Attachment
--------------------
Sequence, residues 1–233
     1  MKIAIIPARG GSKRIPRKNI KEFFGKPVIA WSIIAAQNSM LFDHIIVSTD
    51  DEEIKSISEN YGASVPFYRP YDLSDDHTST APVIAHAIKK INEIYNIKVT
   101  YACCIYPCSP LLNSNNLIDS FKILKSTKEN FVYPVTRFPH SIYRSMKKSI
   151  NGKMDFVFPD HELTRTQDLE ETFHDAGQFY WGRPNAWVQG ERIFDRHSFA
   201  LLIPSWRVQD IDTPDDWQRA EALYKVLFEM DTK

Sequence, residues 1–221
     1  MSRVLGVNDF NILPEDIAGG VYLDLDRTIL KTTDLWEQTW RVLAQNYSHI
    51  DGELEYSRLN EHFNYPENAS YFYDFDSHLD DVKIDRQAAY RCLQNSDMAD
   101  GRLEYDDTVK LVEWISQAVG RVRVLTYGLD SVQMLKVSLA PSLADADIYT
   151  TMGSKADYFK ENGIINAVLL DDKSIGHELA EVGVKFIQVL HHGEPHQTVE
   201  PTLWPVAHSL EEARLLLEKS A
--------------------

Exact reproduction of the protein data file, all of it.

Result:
Sequence, residues 1–233
     1  MKIAIIPARG GSKRIPRKNI KEFFGKPVIA WSIIAAQNSM LFDHIIVSTD
    51  DEEIKSISEN YGASVPFYRP YDLSDDHTST APVIAHAIKK INEIYNIKVT
   101  YACCIYPCSP LLNSNNLIDS FKILKSTKEN FVYPVTRFPH SIYRSMKKSI
   151  NGKMDFVFPD HELTRTQDLE ETFHDAGQFY WGRPNAWVQG ERIFDRHSFA
   201  LLIPSWRVQD IDTPDDWQRA EALYKVLFEM DTK

Sequence, residues 1–221
     1  MSRVLGVNDF NILPEDIAGG VYLDLDRTIL KTTDLWEQTW RVLAQNYSHI
    51  DGELEYSRLN EHFNYPENAS YFYDFDSHLD DVKIDRQAAY RCLQNSDMAD
   101  GRLEYDDTVK LVEWISQAVG RVRVLTYGLD SVQMLKVSLA PSLADADIYT
   151  TMGSKADYFK ENGIINAVLL DDKSIGHELA EVGVKFIQVL HHGEPHQTVE
   201  PTLWPVAHSL EEARLLLEKS A